Sears, Roebuck & Co., et al. v. Commissioner of Revenue (Lawyers Weekly No. 11-078-13)

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12‑P‑547                                        Appeals Court





No. 12‑P‑547.

Suffolk.     January 17, 2013.  ‑  June 19, 2013.

Present:  Cypher, Katzmann, & Rubin, JJ.



Taxation, Sales tax.  Debt.




Appeal from a decision of the Appellate Tax Board.



Michael J. Bowen for Sears, Roebuck & Co.

Amy Spector, Assistant Attorney General, for Commissioner of Revenue.


CYPHER, J.  The plaintiff, Sears Roebuck & Co. (Sears), appeals from a decision of the Appellate Tax Board (board) denying its claims for reimbursement of sales taxes it remitted to the Commonwealth from purchases of its products by customers using a private label credit card issued by Citibank, N.A. (Citibank), and who later defaulted on their accounts with the bank.


Facts.  We summarize the background from the board’s findings based on the parties’ joint stipulation and their agreed statement of facts.

Sears provided its customers the option of purchasing its products on credit with a private label credit card issued by Citibank.  As a vendor registered with the Commissioner of Revenue (commissioner), Sears was required to collect and remit sales tax on tangible personal property to the Department of Revenue (department).  G. L. c. 64H, § 2, as in effect prior to St. 2009, c. 27, § 53.  Under its agreement with Sears, Citibank extended credit to the purchasers, and paid Sears the full retail price of the purchases, including the applicable sales tax.  Obligated to remit the sales tax after the sale is completed, G. L. c. 64H, § 1, Sears subsequently remitted the sales tax for each sale to the department with its sales tax returns.

When some of the purchasers defaulted on their accounts, Citibank wrote off those accounts after determining they were worthless.  While Sears was unaffected by those losses, it nevertheless decided to seek reimbursement of the sales tax it had remitted to the department, pursuant to G. L. c. 64H, § 33, as in effect prior to St. 2008, c. 182, § 42, the so-called “bad debt statute.”  Household Retail Servs., Inc. v. Commissioner of Rev., 448 Mass. 226, 227 (2007) (Household).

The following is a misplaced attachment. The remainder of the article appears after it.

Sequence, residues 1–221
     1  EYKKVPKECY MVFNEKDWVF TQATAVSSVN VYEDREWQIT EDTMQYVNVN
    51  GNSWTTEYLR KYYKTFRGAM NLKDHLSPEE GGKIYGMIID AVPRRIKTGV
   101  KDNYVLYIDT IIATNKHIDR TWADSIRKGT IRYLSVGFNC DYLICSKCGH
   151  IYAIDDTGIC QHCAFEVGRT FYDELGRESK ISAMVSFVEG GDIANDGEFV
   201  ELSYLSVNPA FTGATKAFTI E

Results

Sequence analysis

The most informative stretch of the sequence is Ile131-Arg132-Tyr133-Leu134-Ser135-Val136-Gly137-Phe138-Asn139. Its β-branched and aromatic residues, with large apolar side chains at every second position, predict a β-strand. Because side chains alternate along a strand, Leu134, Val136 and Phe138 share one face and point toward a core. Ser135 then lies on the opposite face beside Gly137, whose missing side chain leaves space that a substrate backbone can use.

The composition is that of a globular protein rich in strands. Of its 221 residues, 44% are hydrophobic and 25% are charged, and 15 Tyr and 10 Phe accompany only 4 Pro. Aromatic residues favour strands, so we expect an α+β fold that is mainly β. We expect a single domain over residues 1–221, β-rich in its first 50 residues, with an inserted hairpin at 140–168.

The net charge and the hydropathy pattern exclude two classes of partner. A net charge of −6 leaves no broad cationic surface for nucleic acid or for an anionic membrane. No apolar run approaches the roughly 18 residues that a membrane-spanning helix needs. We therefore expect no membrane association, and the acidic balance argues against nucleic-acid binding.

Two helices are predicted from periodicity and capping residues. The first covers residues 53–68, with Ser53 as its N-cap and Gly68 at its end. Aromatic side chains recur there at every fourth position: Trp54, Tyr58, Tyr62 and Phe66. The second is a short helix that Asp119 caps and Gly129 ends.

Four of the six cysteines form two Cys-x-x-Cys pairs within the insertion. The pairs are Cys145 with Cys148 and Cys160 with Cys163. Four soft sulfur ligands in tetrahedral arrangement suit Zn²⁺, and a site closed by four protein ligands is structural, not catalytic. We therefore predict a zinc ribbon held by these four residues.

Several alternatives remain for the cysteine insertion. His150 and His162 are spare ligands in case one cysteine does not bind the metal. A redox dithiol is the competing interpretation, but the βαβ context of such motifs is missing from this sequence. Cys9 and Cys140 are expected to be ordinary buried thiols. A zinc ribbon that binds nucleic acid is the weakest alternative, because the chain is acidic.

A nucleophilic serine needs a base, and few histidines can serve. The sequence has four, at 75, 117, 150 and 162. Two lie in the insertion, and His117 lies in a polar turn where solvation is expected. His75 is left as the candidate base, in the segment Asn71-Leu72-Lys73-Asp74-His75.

Sears’s claims, filed with the commissioner in December, 2007, were denied.  Sears then appealed the commissioner’s refusal to abate or refund the sales tax to the board pursuant to G. L. c. 62C, § 39.  After a hearing, the board granted the commissioner’s motion for summary judgment, and, on January 11, 2012, issued a written decision dismissing Sears’s appeal.  Sears filed an appeal in this court on March 30, 2012.

Discussion.  Where, as here, there is no factual dispute, our review of the board’s decision is “limited to questions of law.”  Towle v. Commissioner of Rev., 397 Mass. 599, 601 (1986).

Sears asserts that under the bad debt statute it is entitled to reimbursement of the sales tax it remitted to the Commonwealth, claiming it is a “vendor who has paid to the commissioner an excise . . . upon a sale for which credit is given to the purchaser and such account is later determined to be worthless.  This assertion is not only based on an implausible interpretation of G. L. c. 64H, § 33, but ignores the purpose of the bad debt statute as explicated in Household, 448 Mass. at 230.

In Household, the court definitively ruled that in enacting G. L. c. 64H, § 33, the Legislature designed the statute “to afford some relief under the Massachusetts advance tax system to vendors who must, on behalf of the Commonwealth, compute, collect, and file sales tax returns, and remit full sales tax for each customer transaction, even if the customer subsequently defaults on its payment obligation to the vendor.”  As the court stated, “vendors . . . serve as trustees for the Commonwealth’s retail sales taxes.”  448 Mass. at 230.  The court noted that the statute was “in response to our decision in Continental-Hyannis Furn. Co. v. State Tax Comm’n, [366 Mass. 308, 309 (1974)],” which held that where credit sales were included in gross receipts upon which sales tax was computed, a vendor “could not recover the portion of the sales tax paid on a sale in which the buyer received credit and later defaulted because no statute specifically authorized a recovery of the sales tax on a bad debt.”  Household, supra.